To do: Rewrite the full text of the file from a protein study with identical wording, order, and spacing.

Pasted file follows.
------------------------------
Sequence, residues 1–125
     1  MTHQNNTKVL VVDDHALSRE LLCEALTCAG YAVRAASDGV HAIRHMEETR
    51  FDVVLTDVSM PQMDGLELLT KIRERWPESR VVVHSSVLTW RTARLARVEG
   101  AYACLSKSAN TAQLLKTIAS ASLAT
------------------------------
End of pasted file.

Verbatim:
Sequence, residues 1–125
     1  MTHQNNTKVL VVDDHALSRE LLCEALTCAG YAVRAASDGV HAIRHMEETR
    51  FDVVLTDVSM PQMDGLELLT KIRERWPESR VVVHSSVLTW RTARLARVEG
   101  AYACLSKSAN TAQLLKTIAS ASLAT